After Harvard Ruling, Will Admissions Policies at Elite K-12 Schools Be Next?
A right-leaning law firm believes the decision banning race-conscious admissions bolsters their cases against selective schools in four districts.
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A landmark decision by the U.S. Supreme Court to ban race-conscious admissions at colleges could apply more broadly to a handful of federal cases that center on efforts to diversify selection at elite K-12 schools.
“What cannot be done directly cannot be done indirectly,” Chief Justice John Roberts wrote in the majority opinion in the case against Harvard University.
Several conservatives are glomming on to that quote as a warning to school districts that rely on admission criteria they claim is race-neutral even as they pursue a goal of increasing the number of Black and Hispanic students they accept.
“Eliminating racial discrimination means eliminating all of it,” said Erin Wilcox, an attorney with the Pacific Legal Foundation. The right-leaning nonprofit law firm represents families in four East Coast districts suing over policies that determine who gets into competitive schools.
This summer, the firm will ask the Supreme Court to hear its case against the Fairfax County Public Schools in Virginia over changes to the admissions policy at the prestigious Thomas Jefferson High School for Science and Technology.
“Treating students based on their experiences as individuals, not on the basis of race, is what we’ve been fighting for,” Wilcox said.
Pacific Legal, part of the conservative State Policy Network, is making the same argument on behalf of plaintiffs in Montgomery County, Maryland, New York City and Boston. In revising their selection processes to pursue greater equity, the complaints say district leaders openly expressed a desire to limit the numbers of white and Asian-American students attending those schools.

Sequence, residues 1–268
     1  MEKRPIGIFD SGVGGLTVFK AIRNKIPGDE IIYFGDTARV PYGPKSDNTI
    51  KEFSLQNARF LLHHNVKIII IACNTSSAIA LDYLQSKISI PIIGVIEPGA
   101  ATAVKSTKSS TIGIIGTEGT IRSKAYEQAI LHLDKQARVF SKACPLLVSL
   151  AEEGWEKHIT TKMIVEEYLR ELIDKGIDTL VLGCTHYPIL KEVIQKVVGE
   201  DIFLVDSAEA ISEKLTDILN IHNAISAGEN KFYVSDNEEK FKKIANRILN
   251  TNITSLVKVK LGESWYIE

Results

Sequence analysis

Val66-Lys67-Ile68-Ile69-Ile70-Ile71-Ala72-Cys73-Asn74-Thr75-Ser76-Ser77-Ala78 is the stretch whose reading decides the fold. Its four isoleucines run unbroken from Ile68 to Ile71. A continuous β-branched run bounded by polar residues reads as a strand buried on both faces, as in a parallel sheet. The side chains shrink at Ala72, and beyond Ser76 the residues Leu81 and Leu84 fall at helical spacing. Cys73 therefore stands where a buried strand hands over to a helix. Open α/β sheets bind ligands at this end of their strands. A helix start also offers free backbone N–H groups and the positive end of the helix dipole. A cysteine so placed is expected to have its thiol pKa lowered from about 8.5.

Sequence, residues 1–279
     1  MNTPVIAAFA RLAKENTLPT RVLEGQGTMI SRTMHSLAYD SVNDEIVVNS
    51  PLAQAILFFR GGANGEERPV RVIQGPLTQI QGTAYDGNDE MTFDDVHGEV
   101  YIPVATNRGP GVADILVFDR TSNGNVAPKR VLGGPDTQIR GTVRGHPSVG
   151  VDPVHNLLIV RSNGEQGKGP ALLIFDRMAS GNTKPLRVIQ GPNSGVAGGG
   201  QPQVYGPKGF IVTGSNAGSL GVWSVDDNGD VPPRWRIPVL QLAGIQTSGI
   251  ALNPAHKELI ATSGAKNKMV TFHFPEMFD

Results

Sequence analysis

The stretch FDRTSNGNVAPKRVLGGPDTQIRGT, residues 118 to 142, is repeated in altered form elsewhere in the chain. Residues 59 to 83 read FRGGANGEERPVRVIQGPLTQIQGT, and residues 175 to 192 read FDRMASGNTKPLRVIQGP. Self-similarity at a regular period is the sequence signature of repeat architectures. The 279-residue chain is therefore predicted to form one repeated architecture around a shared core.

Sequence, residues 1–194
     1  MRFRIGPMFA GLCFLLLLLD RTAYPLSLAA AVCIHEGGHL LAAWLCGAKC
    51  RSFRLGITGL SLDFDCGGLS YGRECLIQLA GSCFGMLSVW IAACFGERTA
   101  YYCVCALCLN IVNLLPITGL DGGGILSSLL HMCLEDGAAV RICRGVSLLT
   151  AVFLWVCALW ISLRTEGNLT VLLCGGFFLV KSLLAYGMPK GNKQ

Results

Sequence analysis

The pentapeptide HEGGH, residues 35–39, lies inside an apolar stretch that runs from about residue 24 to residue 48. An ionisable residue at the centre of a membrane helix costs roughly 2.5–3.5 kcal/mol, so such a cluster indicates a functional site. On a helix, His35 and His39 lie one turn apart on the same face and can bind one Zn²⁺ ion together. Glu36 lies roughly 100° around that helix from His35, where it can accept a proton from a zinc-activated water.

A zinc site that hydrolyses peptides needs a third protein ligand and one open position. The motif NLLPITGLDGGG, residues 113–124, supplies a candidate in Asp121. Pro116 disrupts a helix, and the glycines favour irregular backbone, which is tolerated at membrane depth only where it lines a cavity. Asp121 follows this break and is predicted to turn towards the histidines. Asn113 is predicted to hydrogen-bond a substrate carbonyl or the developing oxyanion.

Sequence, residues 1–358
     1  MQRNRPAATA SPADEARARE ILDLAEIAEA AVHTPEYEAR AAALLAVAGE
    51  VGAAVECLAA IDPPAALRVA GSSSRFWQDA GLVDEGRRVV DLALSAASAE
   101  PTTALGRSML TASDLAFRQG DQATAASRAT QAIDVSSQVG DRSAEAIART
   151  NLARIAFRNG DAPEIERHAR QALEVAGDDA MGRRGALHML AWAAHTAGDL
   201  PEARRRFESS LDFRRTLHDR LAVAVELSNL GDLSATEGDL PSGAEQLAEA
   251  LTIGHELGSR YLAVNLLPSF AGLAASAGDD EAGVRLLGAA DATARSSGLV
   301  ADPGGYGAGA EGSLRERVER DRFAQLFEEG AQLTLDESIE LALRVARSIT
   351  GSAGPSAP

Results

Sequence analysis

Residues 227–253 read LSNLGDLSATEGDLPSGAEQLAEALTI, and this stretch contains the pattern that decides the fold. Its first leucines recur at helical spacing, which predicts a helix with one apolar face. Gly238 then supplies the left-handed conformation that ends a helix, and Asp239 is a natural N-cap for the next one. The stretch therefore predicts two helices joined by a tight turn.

Advocates for racially balanced schools, however, call the firm’s argument far-fetched and maintain there’s still legal backing for policies that take socioeconomic status into account when admitting students. K-12 leaders, they argue, shouldn’t scale back those efforts out of concern for what the courts may do.
“Rather than try to guess how this [ruling] affects them, I think schools and districts should continue to promote diverse, equitable learning environments for students because research tells us that’s what’s best for kids,” said Stefan Lallinger, executive director at Next100, a progressive think tank affiliated with The Century Foundation.
Racial segregation is “pernicious,” he said, and with the end of affirmative action in college admissions, K-12 schools still need tools to address educational inequities.
“For hundreds of years in some cases, selective institutions have discriminated against people of color,” he said. “If the Pacific Legal Foundation’s argument is that there are no legal remedies available … we’re really in trouble.”
Amid the racial reckoning following George Floyd’s murder in 2020, in which districts nationally tried to expand educational opportunities for minority students, Fairfax leaders eliminated a rigorous test for applicants and a $100 fee. They reserved seats at the school, known as TJ, for the top 1.5% of 8th graders in each middle school.